In 2010, the district started an extensive teacher-leader system to support the district’s professional learning communities and help all teachers with the integration of standards. There are now 23 teacher leaders in the school district, all receiving compensation for their work. They have created pacing guides that align to evidence outcomes, have deconstructed the standards and have written assessments.
Superintendent Troy Zabel:
"That's the way a small school district works. We have 100 staff members and nearly a quarter of them are teacher leaders. To be able to cover all of our content areas and grade level areas … we have to have almost 25 percent of our staff in teacher leader positions.
"... They're all hand-selected. We don't allow someone to just say, 'I want to be a teacher leader.' … At the elementary and the middle school, we have been able to be much more selective. When I came to the district four years ago, the high school had utilized a very traditional approach of selection, one that was based on who has been here the longest. We're making adjustments to that process now, targeting our most effective teachers to be placed in these leadership positions.
"Teacher leaders help with supporting teachers with their understanding of the standards, assessments and intervention practices. They do this by directly working with their teams during our dedicated PLC time every two weeks. The PLC time is dedicated to work on pacing guides, assessments and the direct analysis of student data. That data drives instructional decisions about individual student programming."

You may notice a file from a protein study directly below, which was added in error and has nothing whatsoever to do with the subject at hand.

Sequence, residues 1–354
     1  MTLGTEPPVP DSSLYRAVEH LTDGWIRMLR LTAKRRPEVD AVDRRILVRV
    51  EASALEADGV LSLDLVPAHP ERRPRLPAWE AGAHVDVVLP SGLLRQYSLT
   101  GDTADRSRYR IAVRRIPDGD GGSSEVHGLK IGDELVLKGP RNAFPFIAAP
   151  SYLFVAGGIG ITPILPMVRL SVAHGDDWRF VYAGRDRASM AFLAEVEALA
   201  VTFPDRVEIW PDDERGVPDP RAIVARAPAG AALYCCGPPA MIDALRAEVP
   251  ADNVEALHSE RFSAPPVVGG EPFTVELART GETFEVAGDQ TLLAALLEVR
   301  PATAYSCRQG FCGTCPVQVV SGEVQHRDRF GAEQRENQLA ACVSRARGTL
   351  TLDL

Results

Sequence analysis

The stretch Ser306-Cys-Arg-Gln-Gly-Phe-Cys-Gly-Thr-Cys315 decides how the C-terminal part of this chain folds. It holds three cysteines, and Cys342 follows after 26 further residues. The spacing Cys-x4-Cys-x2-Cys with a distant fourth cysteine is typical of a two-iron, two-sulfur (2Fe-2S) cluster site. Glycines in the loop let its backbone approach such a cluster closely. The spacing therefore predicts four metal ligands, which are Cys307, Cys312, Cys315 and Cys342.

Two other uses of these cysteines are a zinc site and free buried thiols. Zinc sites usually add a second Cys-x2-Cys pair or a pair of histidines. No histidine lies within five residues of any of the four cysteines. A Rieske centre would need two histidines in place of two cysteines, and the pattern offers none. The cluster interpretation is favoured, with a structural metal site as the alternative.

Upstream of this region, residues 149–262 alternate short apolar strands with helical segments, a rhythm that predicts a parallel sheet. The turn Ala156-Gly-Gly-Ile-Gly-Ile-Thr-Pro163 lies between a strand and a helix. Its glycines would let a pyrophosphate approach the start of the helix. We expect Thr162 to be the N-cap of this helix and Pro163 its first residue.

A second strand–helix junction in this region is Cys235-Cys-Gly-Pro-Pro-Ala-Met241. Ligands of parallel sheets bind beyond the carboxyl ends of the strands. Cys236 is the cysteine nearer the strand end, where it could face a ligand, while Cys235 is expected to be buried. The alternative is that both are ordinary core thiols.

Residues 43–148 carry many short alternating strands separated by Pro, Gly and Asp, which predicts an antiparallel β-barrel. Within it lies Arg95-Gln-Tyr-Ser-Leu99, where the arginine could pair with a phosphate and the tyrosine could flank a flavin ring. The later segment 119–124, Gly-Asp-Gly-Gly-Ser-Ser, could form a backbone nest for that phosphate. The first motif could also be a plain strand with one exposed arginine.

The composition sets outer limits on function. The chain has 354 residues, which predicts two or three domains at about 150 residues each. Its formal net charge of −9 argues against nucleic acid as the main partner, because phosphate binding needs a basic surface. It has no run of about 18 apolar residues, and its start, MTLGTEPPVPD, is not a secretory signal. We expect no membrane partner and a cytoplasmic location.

The program helps brand-new teachers and teachers from other districts navigate the new environment. Mentors attend several trainings throughout the year where they reflect on challenges and successes. Once a month, mentors and mentees meet to answer questions and deal with potential problems. The mentors meet with the principals quarterly for a headline news discussion about what they are seeing and to ensure a successful partnership.
Becky Smith, Integration Specialist:
"[Teaching] is a tough profession. This is two years in a row we've had 20‑24 percent turnover. We created the mentoring program for two purposes. One, teachers who come into the district and don't feel connected … are more likely to leave. So we wanted our new staff to come in and feel connected to a person, to a support system.
"We developed a mentoring program that has two levels. Level one is focused on our newbies. These are the young people right out of college. This is their first job, this is their first experience. They're going to require more handholding.
"Level two is when we're hiring teachers from other districts. These are veterans that are coming in from other districts that have good, strong teaching skills. They need to know the Bayfield system of doing things. 'How do I get a sub? Where do we have our meetings? How do I fill out this evaluation process?' Level two is less intense.
"[Mentors and teachers] are in touch with each other, face to face a minimum of once a month. They're in communication with each other through phone, text, or email weekly. That's the minimum. The mentors are required to keep logs, but the logs are only headline news, because this is completely outside the evaluation process.
"The logs are kept for accountability purposes. The mentors meet with the principals quarterly just to have a headline news discussion – 'What are you seeing, what am I seeing?' There are no surprises."